Medically Reviewed By: Tom Iarocci, MD
For people with diabetes, the aim of treatment is generally to bring the blood sugar or glucose level down as close to the “normal” levels as possible. However, in order to make sure that your treatment is working for you, you will need to begin by learning about normal blood sugar levels for adults with diabetes, and how you can achieve them.
What Is Blood Sugar?
First of all, it’s important to know the difference between glucose and sugar. Sugar is the general term for a sweet carbohydrate that can dissolve in water. There are many different types of sugar, and the one that the body uses the most is known as glucose. When you hear people talking about things to do with blood sugar they are generally talking about blood glucose.
The normal blood sugar level for adults with diabetes will be measured differently depending on where you are. For example, in the United States, blood sugar is typically measured in mg of glucose per deciliter of blood. However, in the United Kingdom and Canada, blood sugar can be measured in millimoles.
What Are Normal Blood Sugar Levels for Adults with Diabetes?
Determining normal blood sugar levels can be a complex experience, as normal numbers can vary throughout the day. For someone who doesn’t have diabetes, a fasting blood sugar level on awakening should usually be under 100 mg/dl, whereas before-meal levels would be 70-99 mg/dl, and levels two hours after meals should be under 140 mg/dl.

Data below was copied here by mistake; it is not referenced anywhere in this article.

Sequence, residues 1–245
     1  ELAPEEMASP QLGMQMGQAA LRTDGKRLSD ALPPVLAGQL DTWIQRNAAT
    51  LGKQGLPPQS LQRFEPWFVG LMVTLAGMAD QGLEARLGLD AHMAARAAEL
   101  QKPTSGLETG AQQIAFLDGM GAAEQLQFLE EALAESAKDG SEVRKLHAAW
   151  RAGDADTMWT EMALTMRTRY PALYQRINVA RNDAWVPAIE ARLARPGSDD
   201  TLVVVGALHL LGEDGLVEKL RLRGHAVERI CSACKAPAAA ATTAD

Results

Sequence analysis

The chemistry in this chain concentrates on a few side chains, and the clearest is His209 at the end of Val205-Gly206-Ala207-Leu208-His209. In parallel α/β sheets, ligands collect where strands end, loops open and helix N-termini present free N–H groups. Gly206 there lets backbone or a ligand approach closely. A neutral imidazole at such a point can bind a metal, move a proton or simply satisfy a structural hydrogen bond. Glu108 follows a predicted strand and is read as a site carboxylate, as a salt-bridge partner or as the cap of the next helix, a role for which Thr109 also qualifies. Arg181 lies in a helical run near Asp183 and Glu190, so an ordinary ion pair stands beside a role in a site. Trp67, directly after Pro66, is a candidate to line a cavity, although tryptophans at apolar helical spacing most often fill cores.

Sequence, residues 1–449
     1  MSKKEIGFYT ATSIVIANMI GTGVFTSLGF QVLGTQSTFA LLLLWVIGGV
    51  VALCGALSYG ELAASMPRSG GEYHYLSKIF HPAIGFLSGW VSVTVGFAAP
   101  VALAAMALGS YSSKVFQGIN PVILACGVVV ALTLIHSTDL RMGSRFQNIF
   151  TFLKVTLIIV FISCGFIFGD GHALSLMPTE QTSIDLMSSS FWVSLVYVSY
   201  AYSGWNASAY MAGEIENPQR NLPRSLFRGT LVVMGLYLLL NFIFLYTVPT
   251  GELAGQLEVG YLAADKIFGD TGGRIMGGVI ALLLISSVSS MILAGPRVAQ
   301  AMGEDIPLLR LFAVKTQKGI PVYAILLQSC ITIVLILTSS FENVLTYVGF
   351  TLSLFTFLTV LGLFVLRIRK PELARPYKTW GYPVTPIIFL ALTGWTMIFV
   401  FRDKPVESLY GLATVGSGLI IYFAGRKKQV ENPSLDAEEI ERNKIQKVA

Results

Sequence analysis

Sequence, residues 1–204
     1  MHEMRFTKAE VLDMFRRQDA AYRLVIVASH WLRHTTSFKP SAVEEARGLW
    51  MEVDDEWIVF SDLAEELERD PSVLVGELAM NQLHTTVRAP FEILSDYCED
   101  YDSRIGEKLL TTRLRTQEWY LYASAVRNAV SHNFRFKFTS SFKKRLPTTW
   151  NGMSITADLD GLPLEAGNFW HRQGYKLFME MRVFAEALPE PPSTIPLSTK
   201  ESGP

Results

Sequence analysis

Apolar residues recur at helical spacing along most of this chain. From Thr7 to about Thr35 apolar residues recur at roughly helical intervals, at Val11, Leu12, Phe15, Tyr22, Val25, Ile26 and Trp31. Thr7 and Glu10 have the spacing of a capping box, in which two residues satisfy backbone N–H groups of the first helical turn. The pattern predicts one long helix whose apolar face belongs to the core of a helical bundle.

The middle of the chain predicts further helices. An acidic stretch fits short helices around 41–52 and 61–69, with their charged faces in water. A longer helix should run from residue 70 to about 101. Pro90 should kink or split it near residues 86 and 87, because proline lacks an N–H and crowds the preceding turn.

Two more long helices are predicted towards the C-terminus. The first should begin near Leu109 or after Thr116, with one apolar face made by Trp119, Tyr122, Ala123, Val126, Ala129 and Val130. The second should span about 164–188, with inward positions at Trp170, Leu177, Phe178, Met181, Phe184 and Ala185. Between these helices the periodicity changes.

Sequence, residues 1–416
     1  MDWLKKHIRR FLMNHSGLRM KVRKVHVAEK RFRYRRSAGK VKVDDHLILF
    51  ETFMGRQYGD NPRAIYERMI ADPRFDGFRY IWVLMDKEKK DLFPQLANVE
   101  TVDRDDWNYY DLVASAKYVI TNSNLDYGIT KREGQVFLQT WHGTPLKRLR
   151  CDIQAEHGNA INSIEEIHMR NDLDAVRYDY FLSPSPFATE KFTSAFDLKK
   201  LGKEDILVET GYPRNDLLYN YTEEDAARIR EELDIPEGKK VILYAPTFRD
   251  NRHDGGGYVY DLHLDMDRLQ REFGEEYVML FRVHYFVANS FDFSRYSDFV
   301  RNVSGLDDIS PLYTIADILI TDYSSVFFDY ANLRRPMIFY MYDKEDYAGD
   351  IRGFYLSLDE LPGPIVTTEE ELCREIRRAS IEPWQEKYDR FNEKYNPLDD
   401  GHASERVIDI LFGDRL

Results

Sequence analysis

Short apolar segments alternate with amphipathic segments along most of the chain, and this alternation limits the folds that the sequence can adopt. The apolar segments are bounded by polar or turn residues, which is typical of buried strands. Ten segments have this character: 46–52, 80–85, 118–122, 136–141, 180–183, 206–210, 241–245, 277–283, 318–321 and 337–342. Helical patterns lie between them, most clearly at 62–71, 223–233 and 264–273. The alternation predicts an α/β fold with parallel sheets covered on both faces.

Of course, normal blood sugar levels for adults with diabetes are expected to be quite different to the levels for people without diabetes. If you do have diabetes, then the American Diabetes Association generally suggests that you should work to keep your blood sugar levels before meals between 80-130 mg/dl, and your levels after meals under 180 mg/dl. However, many people with diabetes and doctors will attempt to shoot for levels that are as close as possible to the levels required for those without diabetes.
Although lower numbers in your blood sugar levels are difficult to achieve, and can require more frequent monitoring and careful diet considerations, they are better at protecting you against complications
The Problem with High Blood Sugar Levels
There are various ways in which professionals can test blood glucose levels. For example, there is a long-term glucose test available that is called A1C. This particular test helps to give you an average reading for your levels across the last two or three months. The amount is expressed as a percentage, and a person without diabetes generally achieves normal levels at below 5.7%. However, the targets for a person with diabetes are usually 7.0% or lower.
It should be noted that when glucose levels are too high, they can cause inflammation in the nerves and blood vessels, which is when diabetes-based complications begin. In people without diabetes, normal insulin function helps to keep sugars within a normal range, but people with diabetes have a damaged insulin function, which means that the body needs conscious help to process sugars. However, low levels of blood sugar can also be a problem. For instance, it can cause fainting, confusion or dizziness.